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Water

Addressing the Global Water Crisis: Where Do We Go from Here?

Leonardo da Vinci once said, “Water is the driving force of all nature.” In this case, Leonardo proves wise beyond measure. All humans depend on water for drinking, sanitation, and hygiene. We use it to prevent disease and stay healthy. We need it for our food sources, commerce, and industry. Yet, we are in a …

Video Q&A: Water and Sustainable Mining-An EnviroChat with Dr. Upmanu Lall, Director of the Columbia Water Center at Columbia University

The mining industry impacts water resources through the heavy use of water for processing and through water pollution from discharges and seepage from tailings or waste rock impoundments. PerkinElmer’s John Martin, Environmental Segment Marketing Manager, recently moderated a one-on-one with Dr. Upmanu Lall, Director of the Columbia Water Center at Columbia University. Watch the interview …

Sustainability in business is more critical than ever. Many companies are setting sustainability goals, taking definitive steps to make their operations for environmentally friendly and working to bring sustainable solutions and products to the market. In this Q&A, Suneet Chadha, VP & General Manager, Applied Markets at PerkinElmer, discusses how this global company brings sustainable …

Saying Goodbye to Forever Chemicals: New Rules to Prevent Future Contamination

Since their development in the 1940s, PFAS (per- and polyfluoroalkyl substances) have been utilized in industrial applications due to their chemical stability, thermal stability, and high resistance to degradation. PFAS chemicals have been named “forever chemicals,” because they are extremely persistent, lasting thousands of years.  Significant attention has placed PFAS as a rapidly emerging environmental and …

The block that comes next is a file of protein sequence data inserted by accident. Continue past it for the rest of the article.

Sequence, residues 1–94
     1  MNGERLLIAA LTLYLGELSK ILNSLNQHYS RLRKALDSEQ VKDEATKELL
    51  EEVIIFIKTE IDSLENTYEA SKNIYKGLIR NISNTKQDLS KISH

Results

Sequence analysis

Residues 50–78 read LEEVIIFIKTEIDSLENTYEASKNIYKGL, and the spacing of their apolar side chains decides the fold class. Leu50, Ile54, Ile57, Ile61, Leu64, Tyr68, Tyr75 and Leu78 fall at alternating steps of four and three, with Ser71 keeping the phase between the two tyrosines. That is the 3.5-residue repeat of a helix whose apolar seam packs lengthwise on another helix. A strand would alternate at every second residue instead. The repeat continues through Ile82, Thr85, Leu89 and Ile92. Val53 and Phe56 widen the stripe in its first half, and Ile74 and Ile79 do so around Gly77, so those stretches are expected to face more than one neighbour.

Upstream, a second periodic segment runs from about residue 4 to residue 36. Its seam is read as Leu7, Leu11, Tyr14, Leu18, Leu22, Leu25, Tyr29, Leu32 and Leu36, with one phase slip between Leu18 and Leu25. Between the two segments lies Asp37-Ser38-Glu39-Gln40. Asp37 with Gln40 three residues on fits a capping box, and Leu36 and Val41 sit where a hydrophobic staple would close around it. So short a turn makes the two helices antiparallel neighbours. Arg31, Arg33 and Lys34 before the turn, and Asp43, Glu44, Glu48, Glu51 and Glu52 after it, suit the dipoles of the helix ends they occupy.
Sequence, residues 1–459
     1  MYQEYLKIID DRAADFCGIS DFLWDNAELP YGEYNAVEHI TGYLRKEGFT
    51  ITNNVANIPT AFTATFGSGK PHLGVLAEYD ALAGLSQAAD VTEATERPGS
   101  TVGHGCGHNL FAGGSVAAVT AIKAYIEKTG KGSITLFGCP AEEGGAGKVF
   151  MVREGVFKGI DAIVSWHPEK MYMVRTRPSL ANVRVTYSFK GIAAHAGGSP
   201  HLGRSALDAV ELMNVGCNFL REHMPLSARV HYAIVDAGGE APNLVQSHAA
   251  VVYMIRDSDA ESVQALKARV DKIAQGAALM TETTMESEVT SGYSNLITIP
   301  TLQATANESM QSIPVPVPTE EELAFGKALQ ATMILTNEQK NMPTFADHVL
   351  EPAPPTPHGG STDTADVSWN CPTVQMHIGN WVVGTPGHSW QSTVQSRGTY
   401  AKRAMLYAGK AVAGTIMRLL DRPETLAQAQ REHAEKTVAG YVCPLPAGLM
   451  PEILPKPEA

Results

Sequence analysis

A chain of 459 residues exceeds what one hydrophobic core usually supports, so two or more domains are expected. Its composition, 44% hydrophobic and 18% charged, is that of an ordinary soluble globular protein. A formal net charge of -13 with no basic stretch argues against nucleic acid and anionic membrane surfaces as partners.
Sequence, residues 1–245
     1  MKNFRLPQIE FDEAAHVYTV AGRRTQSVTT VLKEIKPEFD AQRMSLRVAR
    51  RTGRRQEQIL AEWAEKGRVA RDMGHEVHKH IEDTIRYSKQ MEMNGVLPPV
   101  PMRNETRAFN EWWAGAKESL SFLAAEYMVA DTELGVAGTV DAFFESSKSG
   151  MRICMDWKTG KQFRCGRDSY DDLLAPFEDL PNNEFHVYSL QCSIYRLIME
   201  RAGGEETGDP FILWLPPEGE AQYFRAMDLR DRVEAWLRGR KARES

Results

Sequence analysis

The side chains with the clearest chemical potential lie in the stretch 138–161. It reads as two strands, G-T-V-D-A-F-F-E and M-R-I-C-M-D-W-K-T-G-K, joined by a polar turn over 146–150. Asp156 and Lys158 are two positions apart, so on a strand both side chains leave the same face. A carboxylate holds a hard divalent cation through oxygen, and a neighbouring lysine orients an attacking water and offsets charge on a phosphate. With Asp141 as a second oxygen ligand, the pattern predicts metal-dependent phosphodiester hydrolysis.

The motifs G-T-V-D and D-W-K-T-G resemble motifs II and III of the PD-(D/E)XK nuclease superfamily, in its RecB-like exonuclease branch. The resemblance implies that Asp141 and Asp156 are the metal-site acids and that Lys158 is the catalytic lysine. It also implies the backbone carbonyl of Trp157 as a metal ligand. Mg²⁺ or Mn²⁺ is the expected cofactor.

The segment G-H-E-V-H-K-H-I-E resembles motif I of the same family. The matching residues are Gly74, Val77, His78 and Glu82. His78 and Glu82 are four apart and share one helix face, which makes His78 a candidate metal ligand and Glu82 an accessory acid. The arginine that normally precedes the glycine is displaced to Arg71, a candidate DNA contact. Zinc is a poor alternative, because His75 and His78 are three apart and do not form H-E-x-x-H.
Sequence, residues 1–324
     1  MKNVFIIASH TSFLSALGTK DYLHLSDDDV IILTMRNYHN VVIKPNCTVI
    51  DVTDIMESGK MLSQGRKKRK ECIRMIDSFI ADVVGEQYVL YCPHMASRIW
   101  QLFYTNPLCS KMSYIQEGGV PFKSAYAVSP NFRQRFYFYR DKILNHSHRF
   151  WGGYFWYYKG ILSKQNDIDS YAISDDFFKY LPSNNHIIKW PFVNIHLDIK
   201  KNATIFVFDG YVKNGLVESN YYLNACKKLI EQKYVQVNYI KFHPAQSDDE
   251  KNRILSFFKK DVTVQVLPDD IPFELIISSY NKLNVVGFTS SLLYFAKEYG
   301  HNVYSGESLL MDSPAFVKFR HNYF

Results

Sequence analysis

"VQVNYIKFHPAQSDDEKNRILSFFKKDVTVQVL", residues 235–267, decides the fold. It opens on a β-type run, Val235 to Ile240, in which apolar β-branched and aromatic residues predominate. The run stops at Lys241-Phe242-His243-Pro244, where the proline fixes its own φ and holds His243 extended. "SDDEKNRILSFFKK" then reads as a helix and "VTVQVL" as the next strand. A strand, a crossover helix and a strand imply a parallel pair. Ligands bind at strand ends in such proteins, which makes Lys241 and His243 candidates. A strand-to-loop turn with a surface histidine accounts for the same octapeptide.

Q&A: Environmental PFAS – the “Forever Chemical” and EPA Method 537.1

The presence of per- and polyfluoroalkyl substances (PFAS) in products used every day by millions of people is a growing cause of concern among both consumers and scientists. PFAS are considered “forever chemicals” and known to cause serious health issues in animals and humans. A deeper understanding of what they are and how they impact …

If you study pollutants in the air and water or control food or beverage quality, you’re probably familiar with a GC detector and know quite a bit about Gas Chromatography (GC). This article is for the rest of us. Those who may be a little familiar with the term but could use a really good …

Video Q&A: Regulating Microplastics: Mitigating Macro Risks

A conversation with Dr. Scott Coffin, California State Water Resources Control Board Recently, the State of California announced its intention to require microplastics testing be done to protect its drinking water supplies. California often plays the Canary-in-a-Coal-Mine role on environmental issues – bringing critical questions to the forefront that impact all testing labs, not just …

The Impact of Low Doses of Endocrine Disrupting Compounds on Human Health

Our endocrine glands send out chemical signals and hormones that direct almost all aspects of development, from formation of eggs and sperm onward. A significant part of hormone signaling is the turning on and off of genes, plus more physiological processes. This process is essential for all aspects of human life. An endocrine disruptor is …

Advanced Methods for Characterization of Aquatic Microplastics

Microplastics—those tiny bits of plastic less than 5 mm (<0.2 inches) in length—have become a very large problem. These minute structures are now known to be abundant in nearly every type of environment on Earth where they are affecting ecosystems and living organisms, including humans. A growing number of researchers worldwide are investigating microplastics pollution …

VIDEO Q&A: Microplastics Are On the Menu

A conversation with Dr. Jose Isagani Janairo, Professor of Biochemistry, De La Salle University, Philippines. The term “microplastics” or “nanoplastics” is frequently in the news these days. These small plastic fragments – less than 5 mm in length, can have an oversized impact on the environment. They can be consumed by the very smallest organizations …

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